Slower demand, but US warehouse rents rise in 'tight and expensive' market


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Nov 07, 2023

Slower demand, but US warehouse rents rise in 'tight and expensive' market

Demand for warehouse space in the US has been declining – but this has not

Demand for warehouse space in the US has been declining – but this has not stopped rents rising.

According to real estate investment trust Prologis, they will increase by 10% this year.

The slowdown in global trade is finally nudging the vacancy rate in the US warehousing market upwards. In the first quarter, the national vacancy rate climbed to 3.5%.

That's up 50 basis points from the final quarter of 2022 and the highest level it had reached in 14 years, noted commercial real estate services firm CBRE.

During the first three months, 89 million sq ft of warehousing space became available and 144.1m sq ft of new capacity entered the market. Owing to the lagging demand, the net absorption rate was the lowest since Q2 20, at the height of the pandemic.

Regional markets around ports, which used to be extremely tight, have also registered slower uptake, CBRE reported.

And the trend has continued. The Prologis Industrial Business Indicator shows a value of 56.2 for April. While still in expansion territory (numbers above 50 indicate growth), it was down from 59.7 for the first quarter.

Prologis reckons industrial real estate activity is heading to pre-pandemic levels.

But, despite the downward trend in capacity absorption, warehouse rents have continued to rise. Average rent climbed 3% in the first three months over the previous quarter and an 11% increase on the same period in 2022, according to CBRE.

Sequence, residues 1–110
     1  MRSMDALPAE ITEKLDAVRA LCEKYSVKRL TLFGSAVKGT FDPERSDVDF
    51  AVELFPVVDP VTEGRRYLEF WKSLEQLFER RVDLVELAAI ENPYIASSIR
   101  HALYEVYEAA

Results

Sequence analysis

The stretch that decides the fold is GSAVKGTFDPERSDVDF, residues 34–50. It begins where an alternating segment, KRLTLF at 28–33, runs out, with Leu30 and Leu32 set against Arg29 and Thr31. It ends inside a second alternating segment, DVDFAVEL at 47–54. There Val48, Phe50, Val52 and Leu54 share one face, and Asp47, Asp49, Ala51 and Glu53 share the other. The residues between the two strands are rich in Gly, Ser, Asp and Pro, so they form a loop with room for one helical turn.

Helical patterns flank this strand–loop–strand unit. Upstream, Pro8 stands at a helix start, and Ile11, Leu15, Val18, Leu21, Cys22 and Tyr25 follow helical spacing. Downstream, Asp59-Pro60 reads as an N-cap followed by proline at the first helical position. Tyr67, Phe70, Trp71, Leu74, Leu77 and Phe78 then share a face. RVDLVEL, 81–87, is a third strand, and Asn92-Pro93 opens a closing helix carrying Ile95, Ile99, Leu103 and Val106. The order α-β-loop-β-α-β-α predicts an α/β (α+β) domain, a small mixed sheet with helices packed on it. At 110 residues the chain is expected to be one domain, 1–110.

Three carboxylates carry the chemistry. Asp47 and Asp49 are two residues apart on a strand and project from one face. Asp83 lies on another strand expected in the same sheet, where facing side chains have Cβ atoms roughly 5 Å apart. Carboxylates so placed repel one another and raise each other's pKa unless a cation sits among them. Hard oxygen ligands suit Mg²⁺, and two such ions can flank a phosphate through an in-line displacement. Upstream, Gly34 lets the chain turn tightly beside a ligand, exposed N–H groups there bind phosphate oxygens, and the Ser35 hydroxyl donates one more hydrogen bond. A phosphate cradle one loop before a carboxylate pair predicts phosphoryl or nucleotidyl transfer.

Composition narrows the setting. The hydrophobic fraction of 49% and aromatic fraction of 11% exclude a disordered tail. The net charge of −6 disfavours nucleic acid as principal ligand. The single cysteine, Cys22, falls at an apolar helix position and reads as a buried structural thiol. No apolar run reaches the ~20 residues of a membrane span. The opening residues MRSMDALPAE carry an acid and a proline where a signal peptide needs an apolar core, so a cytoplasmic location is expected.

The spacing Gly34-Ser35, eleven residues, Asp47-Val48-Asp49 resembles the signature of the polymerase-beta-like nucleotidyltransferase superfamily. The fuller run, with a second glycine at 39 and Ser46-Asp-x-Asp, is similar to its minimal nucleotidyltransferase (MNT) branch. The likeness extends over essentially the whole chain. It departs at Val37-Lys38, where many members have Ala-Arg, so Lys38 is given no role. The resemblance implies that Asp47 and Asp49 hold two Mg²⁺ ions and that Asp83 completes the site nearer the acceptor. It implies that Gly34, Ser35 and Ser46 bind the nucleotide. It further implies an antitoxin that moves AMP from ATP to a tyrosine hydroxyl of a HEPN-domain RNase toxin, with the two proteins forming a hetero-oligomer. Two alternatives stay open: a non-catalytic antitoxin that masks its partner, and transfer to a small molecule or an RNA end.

Prologis registered a 4.4% rise in rates for the first quarter.

"You would think rents have eased in a slower freight market, but it's just the opposite," said Bob Imbriani, EVP international of forwarder Team Worldwide. "The market is expensive and tight."

His company has been looking to increase its warehouse capacity in the Dallas area. Rents for new facilities would be as much as 60% higher than current warehousing costs, while renewing leases would bring rent hikes of 30%-40%, he said.

A big factor in this is a significant slowdown in available new capacity. Building starts have slowed drastically in response to the weaker market and high interest rates, as well as tight lending conditions, Mr Imbriani explained.

The number of warehousing projects under construction has declined for the first time over four years, reported CBRE. It fell 7% from the final quarter of 2022.

Construction starts in Q1 were down 40%, compared with the first three quarters of 2022, Prologis found.

And capital has also been less freely available than before. Financial experts point to the regional banking sector, which has been the chief source of funds for industrial property development. In the wake of collapses of regional banks like Silicon Valley and First Republic, lenders have tightened the purse strings. The slowdown in commercial real estate lending picked up momentum in the first quarter as a result of the stress in the banking system.

CBRE's Lending Momentum Index fell 33% from the fourth quarter of last year, and 53.5% year on year.

However, investors are still keen on the industrial property market. Realterm, an investment management firm focused on the transport sector, recently raised $532m for the recapitalisation of a portfolio of 61 assets, a mix of truck terminals, drayage yards and other warehousing sites. And it can expect rents to keep rising.